Better Reader improves Firefox's Reader Mode - gHacks Tech News

Better Reader improves Firefox's Reader Mode

Reader Mode, initially launched for Firefox on Android in 2012, landed in the beginning of this year on Firefox for the desktop.

First only available in Firefox Nightly and locked behind a preference, it is now enabled by default in all versions of the web browser.

Reader Mode turns articles on the web into versions that are optimized for reading. It does so by removing most elements on a web page that are not relevant for the article in question, and by modifying the format of the text presented to the reader.

It works similar to other Readability extensions but with the difference that it is built-in to the browser which means that users don't have to install extensions, use bookmarklets, or external services to make use of it.

The only controls Firefox users get when in Reader Mode are to change the font size, switch between three different color schemes, and to switch between sans-serif and serif.

The Firefox add-on Better Reader improves the mode by adding new features to it. First time users should not be confused by the new look of the configuration menu after installing Better Reader even though everything is changed there.

You still get all default options to modify the article, and on top of that an option to pick a custom font instead of the default font used by the browser's Reader Mode.

firefox better reader

The text is displayed automatically in the new font once you select it, and Firefox will remember your selection and use it from that moment on whenever you launch Reader Mode.

The second option that Better Reader adds to Firefox's Reader Mode lets you change the width of the text. You may increase its width or make it narrower.

The third and final option provides you with preferences to set custom colors for content and controls. This gives you more control over background and foreground content and control colors in Reader Mode.

Here is an example screenshot of a modified Reader Mode interface.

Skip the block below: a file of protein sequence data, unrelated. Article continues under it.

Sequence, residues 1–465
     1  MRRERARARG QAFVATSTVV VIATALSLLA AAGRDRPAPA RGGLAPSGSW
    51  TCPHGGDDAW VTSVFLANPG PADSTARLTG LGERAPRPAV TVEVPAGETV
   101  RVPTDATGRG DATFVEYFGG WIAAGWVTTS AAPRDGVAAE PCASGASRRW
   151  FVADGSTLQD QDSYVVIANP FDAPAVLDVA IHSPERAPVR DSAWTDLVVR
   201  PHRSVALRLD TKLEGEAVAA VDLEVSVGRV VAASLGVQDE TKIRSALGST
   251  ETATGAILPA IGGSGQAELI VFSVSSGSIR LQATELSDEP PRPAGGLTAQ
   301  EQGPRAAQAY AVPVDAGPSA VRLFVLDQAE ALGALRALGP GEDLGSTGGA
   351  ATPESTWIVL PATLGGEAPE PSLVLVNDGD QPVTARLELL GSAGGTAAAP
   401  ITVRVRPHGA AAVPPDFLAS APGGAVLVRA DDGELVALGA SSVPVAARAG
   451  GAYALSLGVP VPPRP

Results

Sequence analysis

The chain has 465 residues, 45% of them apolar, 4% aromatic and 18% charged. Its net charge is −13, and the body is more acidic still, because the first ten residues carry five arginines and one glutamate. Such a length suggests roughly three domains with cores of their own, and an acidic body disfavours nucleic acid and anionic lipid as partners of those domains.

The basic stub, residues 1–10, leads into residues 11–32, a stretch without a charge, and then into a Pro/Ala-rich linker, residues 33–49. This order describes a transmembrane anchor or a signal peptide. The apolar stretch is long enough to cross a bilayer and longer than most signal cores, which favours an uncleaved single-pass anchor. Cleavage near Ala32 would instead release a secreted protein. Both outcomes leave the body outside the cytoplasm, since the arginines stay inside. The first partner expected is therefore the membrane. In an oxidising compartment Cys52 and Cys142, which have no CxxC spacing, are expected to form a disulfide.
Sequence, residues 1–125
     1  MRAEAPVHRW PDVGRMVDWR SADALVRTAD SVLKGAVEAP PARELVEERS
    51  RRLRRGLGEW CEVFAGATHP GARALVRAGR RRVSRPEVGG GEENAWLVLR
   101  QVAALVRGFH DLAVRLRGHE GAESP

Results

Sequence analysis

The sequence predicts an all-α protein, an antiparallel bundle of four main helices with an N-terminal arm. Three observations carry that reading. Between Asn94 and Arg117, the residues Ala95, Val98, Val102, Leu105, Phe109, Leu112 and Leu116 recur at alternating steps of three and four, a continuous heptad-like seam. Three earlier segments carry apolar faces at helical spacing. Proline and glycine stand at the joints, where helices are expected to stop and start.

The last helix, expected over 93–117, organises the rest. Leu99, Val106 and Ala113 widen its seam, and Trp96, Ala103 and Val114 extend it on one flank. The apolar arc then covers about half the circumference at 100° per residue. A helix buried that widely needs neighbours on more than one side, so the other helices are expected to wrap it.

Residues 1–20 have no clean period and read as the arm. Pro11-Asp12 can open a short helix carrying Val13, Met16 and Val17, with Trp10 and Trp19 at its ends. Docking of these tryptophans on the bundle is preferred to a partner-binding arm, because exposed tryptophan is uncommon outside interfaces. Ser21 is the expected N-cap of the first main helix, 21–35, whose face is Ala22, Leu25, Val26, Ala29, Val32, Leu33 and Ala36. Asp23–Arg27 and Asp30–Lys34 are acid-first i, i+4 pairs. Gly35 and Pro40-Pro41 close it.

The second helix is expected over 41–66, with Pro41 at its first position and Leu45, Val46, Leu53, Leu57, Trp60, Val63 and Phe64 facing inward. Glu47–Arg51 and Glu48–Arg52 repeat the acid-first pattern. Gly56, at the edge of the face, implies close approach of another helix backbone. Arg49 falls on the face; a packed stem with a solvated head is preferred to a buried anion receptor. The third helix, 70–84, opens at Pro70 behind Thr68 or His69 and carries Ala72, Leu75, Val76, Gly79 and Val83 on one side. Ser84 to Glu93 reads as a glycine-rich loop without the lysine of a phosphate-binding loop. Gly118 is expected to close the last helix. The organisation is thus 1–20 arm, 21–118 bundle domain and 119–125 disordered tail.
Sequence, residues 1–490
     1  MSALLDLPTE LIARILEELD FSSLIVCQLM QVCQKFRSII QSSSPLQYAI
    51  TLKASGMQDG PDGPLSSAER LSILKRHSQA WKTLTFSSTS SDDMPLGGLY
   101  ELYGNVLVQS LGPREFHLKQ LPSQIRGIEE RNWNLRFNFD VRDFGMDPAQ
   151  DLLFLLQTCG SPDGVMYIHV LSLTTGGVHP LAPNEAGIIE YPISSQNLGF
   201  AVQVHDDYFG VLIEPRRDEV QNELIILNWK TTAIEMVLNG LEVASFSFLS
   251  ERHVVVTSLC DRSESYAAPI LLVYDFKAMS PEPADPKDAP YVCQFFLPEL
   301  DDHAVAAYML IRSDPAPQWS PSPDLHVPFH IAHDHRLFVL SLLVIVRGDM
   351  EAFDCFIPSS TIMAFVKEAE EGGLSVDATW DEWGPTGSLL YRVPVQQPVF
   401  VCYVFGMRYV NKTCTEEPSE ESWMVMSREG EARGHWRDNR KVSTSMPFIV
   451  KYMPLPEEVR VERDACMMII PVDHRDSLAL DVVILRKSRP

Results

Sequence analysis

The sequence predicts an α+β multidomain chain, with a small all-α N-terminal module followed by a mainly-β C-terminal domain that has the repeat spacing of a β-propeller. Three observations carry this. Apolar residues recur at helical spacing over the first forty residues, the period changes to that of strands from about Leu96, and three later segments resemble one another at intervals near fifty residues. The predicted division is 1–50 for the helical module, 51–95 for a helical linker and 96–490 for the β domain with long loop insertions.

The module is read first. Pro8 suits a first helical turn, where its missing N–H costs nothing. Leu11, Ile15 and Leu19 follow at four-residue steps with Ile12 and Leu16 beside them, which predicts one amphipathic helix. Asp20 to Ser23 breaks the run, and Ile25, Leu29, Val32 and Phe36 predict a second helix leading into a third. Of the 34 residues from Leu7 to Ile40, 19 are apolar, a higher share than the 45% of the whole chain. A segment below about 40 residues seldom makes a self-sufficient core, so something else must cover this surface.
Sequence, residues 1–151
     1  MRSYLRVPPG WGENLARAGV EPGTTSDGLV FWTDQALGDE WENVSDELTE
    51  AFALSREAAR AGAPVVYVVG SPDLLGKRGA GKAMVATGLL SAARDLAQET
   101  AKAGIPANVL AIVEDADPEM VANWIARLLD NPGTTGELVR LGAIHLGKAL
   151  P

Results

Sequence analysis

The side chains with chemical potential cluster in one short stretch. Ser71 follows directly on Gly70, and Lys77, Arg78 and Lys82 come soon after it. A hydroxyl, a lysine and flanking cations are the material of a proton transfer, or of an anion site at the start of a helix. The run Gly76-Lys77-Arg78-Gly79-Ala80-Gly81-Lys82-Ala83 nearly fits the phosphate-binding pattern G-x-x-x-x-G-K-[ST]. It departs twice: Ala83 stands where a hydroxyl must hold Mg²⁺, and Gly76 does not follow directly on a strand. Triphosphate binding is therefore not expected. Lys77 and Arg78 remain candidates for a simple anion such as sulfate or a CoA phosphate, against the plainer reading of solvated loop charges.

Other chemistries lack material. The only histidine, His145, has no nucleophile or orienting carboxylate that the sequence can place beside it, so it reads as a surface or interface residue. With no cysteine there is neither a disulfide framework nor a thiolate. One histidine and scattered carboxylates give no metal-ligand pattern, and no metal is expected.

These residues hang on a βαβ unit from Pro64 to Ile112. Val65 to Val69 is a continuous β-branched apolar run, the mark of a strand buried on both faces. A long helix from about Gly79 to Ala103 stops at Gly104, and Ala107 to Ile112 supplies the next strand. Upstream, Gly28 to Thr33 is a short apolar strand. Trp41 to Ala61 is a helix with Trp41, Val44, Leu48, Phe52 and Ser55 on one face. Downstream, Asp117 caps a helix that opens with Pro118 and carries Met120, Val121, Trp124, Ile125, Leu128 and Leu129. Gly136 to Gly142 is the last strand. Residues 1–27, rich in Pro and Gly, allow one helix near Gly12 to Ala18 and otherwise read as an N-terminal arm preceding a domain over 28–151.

custom reader mode

Closing Words

If you are using Firefox's Reader Mode regularly and want more control over how articles are displayed in it, then you may find the additional options that Better Reader offers helpful for that.

Summary
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Better Reader
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Comments

  1. Mick said on November 7, 2015 at 9:13 pm
    Reply

    It is a great extension, I just wish it were possible to go over the default max. font size, which is 9 and still a bit too small for my liking on a big screen. Tried changing it in about:config but it won’t get saved :(

    1. Dan82 said on November 8, 2015 at 3:13 am
      Reply

      Mick, it is entirely possible to change the max font size of the Firefox Reader by using nothing more than simple CSS. The easiest method is by using the Stylish extension, where you can create either global styles or site-specific ones. I don’t know if it the code can be posted here in the commentary section or not, but install the Stylish Firefox extension, create a new style, give it a proper name and then copy the following CSS code. After saving the Stylish style, it will set the Reader width to 90% of the visible screen, while the font size will be set to 2.5em. You can of course use other measurements like pt or px, mine are just an example to get a really really big font on a widescreen monitor.